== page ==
Brilliant footage - thanks for posting it. The winter of 1962-63 still makes me shiver when I think of it.
As I remember, the temperature dropped below freezing on Boxing Day and stayed below freezing until mid-March.
Everywhere was covered in a deep blanket of snow. In the towns, it was bad enough, but in the remoter parts of the West Country it was truly awful - there were drifts up to 40ft deep.
One particular memory is of two kids in school hauling a crate of milk into the classroom (we still got free milk in those days) and it was just a solid lump of ice. It never thawed out in time to drink it.
As has been mentioned, few houses had central heating and it was a real battle to keep warm. But you could always take a grill plate out of the fireside oven and wrap it in a towel to heat up your bed.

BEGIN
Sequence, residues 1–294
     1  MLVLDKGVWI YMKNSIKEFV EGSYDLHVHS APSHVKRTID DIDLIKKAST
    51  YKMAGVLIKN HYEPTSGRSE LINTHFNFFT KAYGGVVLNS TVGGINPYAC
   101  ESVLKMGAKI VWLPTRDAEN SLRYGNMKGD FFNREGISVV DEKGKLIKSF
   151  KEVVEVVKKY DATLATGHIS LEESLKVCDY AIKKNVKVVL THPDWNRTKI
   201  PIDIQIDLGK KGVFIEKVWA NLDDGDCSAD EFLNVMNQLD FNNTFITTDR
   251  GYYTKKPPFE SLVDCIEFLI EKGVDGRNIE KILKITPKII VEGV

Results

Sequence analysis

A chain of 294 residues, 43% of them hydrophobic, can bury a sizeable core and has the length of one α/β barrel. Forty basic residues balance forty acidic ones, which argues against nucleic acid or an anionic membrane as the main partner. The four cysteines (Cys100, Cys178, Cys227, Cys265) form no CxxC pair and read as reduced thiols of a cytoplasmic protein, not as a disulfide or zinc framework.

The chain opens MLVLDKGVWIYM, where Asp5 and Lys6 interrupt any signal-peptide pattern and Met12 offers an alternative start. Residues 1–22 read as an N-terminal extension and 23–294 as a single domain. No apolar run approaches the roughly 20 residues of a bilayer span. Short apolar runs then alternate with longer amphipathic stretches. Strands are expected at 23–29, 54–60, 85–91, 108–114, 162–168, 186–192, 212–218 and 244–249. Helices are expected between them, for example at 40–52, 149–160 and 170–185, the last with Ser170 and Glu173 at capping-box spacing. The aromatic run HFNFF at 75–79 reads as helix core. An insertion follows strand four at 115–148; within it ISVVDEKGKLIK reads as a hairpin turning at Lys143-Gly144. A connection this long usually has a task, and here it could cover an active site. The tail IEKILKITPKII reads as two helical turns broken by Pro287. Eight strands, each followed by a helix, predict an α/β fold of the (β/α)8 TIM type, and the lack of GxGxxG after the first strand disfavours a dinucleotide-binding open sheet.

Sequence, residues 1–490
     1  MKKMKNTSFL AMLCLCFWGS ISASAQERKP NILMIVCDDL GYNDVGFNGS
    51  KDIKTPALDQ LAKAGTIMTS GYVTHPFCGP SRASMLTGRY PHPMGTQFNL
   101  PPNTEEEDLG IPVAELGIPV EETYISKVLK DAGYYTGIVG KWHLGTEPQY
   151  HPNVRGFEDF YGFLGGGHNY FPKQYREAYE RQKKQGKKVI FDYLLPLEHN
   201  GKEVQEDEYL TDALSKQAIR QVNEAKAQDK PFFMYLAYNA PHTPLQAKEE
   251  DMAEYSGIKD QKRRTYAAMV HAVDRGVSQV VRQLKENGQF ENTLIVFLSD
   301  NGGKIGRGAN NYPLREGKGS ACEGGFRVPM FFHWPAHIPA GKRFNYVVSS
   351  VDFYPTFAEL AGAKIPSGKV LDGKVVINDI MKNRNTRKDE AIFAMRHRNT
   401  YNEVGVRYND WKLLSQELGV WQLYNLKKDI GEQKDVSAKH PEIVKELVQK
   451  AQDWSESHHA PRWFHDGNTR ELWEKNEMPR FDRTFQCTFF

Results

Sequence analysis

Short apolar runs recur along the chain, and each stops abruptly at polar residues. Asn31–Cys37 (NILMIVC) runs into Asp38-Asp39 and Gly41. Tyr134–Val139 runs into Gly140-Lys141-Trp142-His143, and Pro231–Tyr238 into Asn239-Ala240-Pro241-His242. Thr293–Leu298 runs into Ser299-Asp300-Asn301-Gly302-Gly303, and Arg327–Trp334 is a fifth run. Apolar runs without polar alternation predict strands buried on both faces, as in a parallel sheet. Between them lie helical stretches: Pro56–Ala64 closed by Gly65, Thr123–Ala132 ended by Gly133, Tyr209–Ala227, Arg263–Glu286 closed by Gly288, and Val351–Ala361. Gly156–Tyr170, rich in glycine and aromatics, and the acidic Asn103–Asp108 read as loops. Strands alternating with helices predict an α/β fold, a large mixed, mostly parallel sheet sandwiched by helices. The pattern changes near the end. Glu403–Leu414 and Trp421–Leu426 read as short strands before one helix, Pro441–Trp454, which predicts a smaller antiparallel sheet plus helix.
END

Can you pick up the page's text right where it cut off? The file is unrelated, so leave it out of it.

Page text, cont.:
And, as kids, we loved the snow and ice - making slides in the back entries and having snowball fights.
The thing is, no one made a fuss about it. It was just something you had to put up with. Everyone got on with it and disruption was kept to a minimum. We never missed a day's school and my father - who was a labourer working on the roads - never missed a day's work.
By contrast today, when the first flake of snow falls, there's 24-hour rolling News
coverage, crisis talk, Government ministers all over the airwaves, school closures, traffic chaos, general panic and everyone stays at home.